Custody and Support
There are two types of custody, legal and physical custody.
Legal custody is the parties’ ability to make determinations relative to the children’s education, medical care, and religion. For example, should the child go to private or public school? Should the child get braces? Should the child be placed on birth control? These are decisions made by the parents who have legal custody. In most instances, the parties will retain joint legal custody, and shall continue to make these decisions together as parents after the divorce. The rule of thumb is, although the parties will no longer be married, they will always be the children’s parents, and should work toward parenting together long after the divorce until the children are emancipated. If the strains of the relationship are so tumultuous that the parties are unable to communicate or make decisions together relative to the children, or, if one party has made poor choices that place the children at risk of harm, then joint legal custody will not be possible, and one party will hold sole legal custody. It should be noted that, under Massachusetts law, a mother who has a child out of wedlock is presumed to have sole legal custody, unless otherwise ordered by the court. Married couples are presumed to have joint legal custody, unless otherwise ordered by the court.
Physical custody is the time the children spend with each parent. Primary physical custody means that the children spend the majority of a calendar year with one parent (approximately 70% of the time), and approximately 30% of the time with the non-custodial parent. Joint or shared physical custody means the children spend equal, or approximately equal time with each parent. The child support guidelines now also recognize a blend of these two types of custody, where one party has the children more than 30% of the time, but less than 50% of the time. The amount of time with each parent will depend on each party’s work schedule, where the party lives relative to the children’s school, each party’s ability to care for the children, and each party’s fitness to care for the children. The Courts presume that it is in the best interests of the children to spend as much time with each of their parents as possible, and that a shared parenting plan is in the best interests of the children, unless the evidence demonstrates otherwise.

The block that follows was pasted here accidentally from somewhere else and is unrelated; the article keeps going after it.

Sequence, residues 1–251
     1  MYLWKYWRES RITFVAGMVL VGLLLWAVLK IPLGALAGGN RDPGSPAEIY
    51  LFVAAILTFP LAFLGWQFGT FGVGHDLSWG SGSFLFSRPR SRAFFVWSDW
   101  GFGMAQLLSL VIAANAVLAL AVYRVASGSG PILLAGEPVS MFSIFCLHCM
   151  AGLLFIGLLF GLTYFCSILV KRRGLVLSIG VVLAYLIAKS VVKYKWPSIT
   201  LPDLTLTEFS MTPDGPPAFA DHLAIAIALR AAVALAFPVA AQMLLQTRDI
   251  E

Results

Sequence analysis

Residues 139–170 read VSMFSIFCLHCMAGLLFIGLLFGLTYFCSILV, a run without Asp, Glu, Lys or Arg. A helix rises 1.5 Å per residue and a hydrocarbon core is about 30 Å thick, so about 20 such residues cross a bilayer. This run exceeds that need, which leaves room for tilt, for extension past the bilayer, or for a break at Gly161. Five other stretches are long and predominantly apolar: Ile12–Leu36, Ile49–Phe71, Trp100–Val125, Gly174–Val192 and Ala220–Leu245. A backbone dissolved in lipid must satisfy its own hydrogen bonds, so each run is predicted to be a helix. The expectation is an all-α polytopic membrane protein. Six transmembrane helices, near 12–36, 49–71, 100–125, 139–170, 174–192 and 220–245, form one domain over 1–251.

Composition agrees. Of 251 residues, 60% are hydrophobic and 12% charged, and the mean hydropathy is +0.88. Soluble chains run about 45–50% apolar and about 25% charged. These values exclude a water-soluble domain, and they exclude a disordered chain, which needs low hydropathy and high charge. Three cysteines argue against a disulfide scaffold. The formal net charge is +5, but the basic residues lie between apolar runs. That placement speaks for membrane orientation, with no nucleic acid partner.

Attorney McKenna assists clients in working toward a parenting schedule that works for the parties, and if an agreement cannot be reached, motions will be filed to request court orders for parenting schedules during the pending divorce. Sometimes, Attorney McKenna will recommend that a Guardian ad Litem be appointed to investigate the issues surrounding custody.
Once parenting schedule is established, the parties must determine the child support. By law, each and every parent is obligated to support his or her child. The child support guidelines factor in the income of each parent, and allocate the percentage of each parent’s income that is apportioned to the child. The custodial parent is apportioned an amount that is designated toward the children’s support (i.e., payment of rent or mortgage, heat and hot water, food, clothing, etc). The non-custodial parent will also have an apportioned amount that will be paid to the custodial parent, as contribution to the children’s food, clothing and shelter. Parents with shared custody will run a cross-guideline, to determine the amount that each parent pays to the other.